First, though, we witness the anointing of the king with “oil of gladness.” The scents from his garments are of “myrrh, aloes and cassia.” The mentions of these and the “ivory palaces” are stirring descriptions of beauty for multiple senses — touch, sight, smell, and a delight for the emotions as well. It’s easy to see why “they have made thee glad.” Woman, this man and his dwelling-place are being prepared for you, as if for you alone. Are you blessed, or what?

This Psalm is aiming toward a point, and I think that point is a “pre-echo,” if you will, of the Marriage Supper of the Lamb. Sure enough, verse nine states that “Kings’ daughters were among thy honorable women,” (attendants at a wedding) and the queen is on his right hand, in gold of Ophir.

Mention of Ophir goes all the way back to Genesis and it is an ancient source of the highest-quality gold. I think that could mean that Christ loved His Bride from ancient times and set aside ornaments for her wedding day just as God planned salvation “before the foundation of the world.”

Verse ten is another “pre-echo,” this time of the statement of Christ that if one does not love father and mother more than Him, or even hate them, he is not worthy to be a disciple. So the daughter, or bride, is urged to “forget thine own people, and thy father’s house.” Just after the creation of Eve, before there were mothers or fathers, or perhaps even houses, Adam says that a man will leave these things and “cleave” to his wife.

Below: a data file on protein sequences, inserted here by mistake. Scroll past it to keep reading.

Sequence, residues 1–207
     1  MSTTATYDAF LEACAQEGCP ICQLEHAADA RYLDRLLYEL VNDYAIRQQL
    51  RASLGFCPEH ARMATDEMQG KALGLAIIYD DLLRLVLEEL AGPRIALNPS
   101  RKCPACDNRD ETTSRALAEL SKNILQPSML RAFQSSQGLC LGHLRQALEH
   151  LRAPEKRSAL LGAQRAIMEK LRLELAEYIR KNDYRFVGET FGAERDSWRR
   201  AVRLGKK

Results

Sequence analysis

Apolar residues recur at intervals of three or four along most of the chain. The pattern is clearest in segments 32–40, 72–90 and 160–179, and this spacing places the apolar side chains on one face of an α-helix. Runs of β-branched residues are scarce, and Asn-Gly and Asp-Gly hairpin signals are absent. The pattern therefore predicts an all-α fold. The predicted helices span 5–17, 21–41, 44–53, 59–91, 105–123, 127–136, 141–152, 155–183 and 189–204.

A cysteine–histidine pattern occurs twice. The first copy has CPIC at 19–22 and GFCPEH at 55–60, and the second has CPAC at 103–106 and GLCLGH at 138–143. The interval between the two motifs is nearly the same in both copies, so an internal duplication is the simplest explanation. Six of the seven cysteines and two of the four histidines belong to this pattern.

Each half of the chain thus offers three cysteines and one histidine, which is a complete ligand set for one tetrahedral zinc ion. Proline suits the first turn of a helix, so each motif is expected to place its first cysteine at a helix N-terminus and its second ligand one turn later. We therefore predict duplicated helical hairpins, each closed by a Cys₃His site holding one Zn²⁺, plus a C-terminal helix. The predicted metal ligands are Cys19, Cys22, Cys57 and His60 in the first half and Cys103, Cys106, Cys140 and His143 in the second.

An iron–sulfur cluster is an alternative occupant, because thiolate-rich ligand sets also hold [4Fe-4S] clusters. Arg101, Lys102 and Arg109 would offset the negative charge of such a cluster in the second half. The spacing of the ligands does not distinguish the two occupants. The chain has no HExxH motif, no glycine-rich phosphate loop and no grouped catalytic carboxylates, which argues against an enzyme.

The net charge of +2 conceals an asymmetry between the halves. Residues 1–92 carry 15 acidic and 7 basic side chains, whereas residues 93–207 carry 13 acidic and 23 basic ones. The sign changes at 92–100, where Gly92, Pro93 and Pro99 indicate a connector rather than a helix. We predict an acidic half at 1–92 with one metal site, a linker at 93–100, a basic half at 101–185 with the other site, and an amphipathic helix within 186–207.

The passage says that by doing this, the bride will cause her king to “greatly desire thy beauty.” She will be irresistible to her man as she is wholly committed to Him alone. And verse twelve has a great by-product of being the king’s bride. She gets presents! Tyre is certainly not known historically or biblically for being a good or godly kingdom, but its princess will have to show respect for this bride. All the richest and most powerful kingdoms on Earth want to get on her good side.

Now we get to the really good part! Verses thirteen and fourteen say “The king’s daughter is all glorious within: her clothing is of wrought gold. She shall be brought unto the king in raiment of needlework.” I’m told that “within” means within her chamber, that is, while she’s getting ready for the wedding. She gets to put on wrought gold and that magnificent tapestry brocade you see in ancient portraits. No sweatpants, no bluejeans, no sir! The king’s daughter, who is now also the wife of a king, shines like the sun in the most beautiful and best workmanship. She is glorious, mind you, not glitzy. No bling here. The virgins, young girls, follow her, and you can bet they follow her example of godly beauty, too because they are accompanying her to her Lord and theirs with “gladness and rejoicing.”

Like many Scriptures this is a “here and now” as well as prophetic passage. The godly earthly queen will have children who can take the place of her forefathers as princes, leaders of kingdoms. In our sinful world we too often see children fall away from following their parents’ example and teaching. Not so here. The influence of this godly queen is solid because she worships her Lord with her whole heart. The memory of a woman who can produce generations of godly children will always be praised.